Taxing Away the Stars

From today’s

Britain is driving away international sports stars and missing opportunities to host lucrative sporting events because of a tax practice that nets the exchequer a paltry £7m a year, a consortium of sports bodies has warned the government.

The Inland Revenue’s approach to taxing the money foreign athletes earn from endorsements has come under fire in recent weeks after the sprinter Usain Bolt said he would not be participating in the Aviva London Grand Prix, an athletics competition to be held at Crystal Palace next weekend.

Bolt, who holds the world records for the 100m and 200m events, would have had to forfeit more money to the Revenue for the few days he spent in London than he could have earned in prize winnings at the tournament.

A policy change in 1999 made endorsement income taxable, based on the proportion of days spent competing in the U.K.  This may be a bit presumptuous — it seems unlikely that Bolt’s endorsement income will increase in proportion to this weekend’s track meet.  I may also be counterproductive in a world where only a few countries — including the U.S. — employ this policy.   But from a political economy perspective, the pattern of exemptions looks predicable:

The government has granted an exception to the law for athletes competing in the 2012 London Olympics. An exemption has also been given to footballers playing Champions League games in the UK – although the levy has not generally been applied to team sports.

Pete Hackleton, co-author of the RSM report, said: “Exemptions have only been given to the highest profile events, whereas in many ways it’s the lesser events held in the UK that would benefit most from exemptions.”

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Author: Skip Sauer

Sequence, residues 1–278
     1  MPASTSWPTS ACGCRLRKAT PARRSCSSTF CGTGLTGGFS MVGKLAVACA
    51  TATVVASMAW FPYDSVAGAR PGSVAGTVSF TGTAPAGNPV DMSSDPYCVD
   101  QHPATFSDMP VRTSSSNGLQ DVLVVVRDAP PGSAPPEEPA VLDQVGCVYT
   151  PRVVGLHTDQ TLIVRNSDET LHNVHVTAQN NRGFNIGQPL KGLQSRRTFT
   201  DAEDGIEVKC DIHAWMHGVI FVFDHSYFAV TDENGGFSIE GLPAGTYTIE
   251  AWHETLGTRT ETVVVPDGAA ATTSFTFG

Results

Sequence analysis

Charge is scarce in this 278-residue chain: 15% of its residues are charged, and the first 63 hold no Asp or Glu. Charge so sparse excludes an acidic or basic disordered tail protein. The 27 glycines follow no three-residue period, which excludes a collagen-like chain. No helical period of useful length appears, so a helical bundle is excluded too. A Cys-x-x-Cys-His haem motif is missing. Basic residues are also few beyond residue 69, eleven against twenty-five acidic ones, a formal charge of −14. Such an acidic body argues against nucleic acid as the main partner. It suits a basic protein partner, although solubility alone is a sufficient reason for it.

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endorsements, taxes

4 thoughts on “Taxing Away the Stars”

  1. Britain is, “missing opportunities to host lucrative sporting events,” passes without comment why? Also from the article, “[RSM] argues that the £7m would easily be offset by the positive economic impact of hosting sporting events. One estimate of the benefit of the Ryder Cup to the wider economy in Wales, for example, puts the figure as high as £96m.” These kinds of zero-data estimates are normally torn apart. But why not in this case?

  2. Damon,

    That’s a fair comment. Why not in this case, you ask? We do make that point all the time, but there is more to this site than that, and the highlight here is different. The main point is that fans don’t get to see certain athletes perform due to the tax. We like sport, we just don’t believe in inflated numbers.


  3. Sporting events can be lucrative but it depends on how much public money is being used to put it on. Spending $2 to bring in $1 will never make economic sense even if a politician thinks they can make it up in volume

  4. re: Dan’s post.

    It may be worth a loss to the government to increase the happiness of the population. I’m thinking about Zymanski’s (sp?) chapter in Soccernomics on World Cup subsidies.

    My guess is that same sort of reasoning animates this tax and its exemptions. It’s why everyone will get to see the best athletes compete at the Olympics in London in two years and is why Champions League players have been reassured they will face no additional tax. I’d guess these are the events that people care most about. I think that is the point S.S. was making when he wrote the pattern of exemptions looks predictable. In point of fact, the tax (and its exemptions) is tailored to benefit the people, not the promotors/sponsors of events like the Aviva London Grand Prix.

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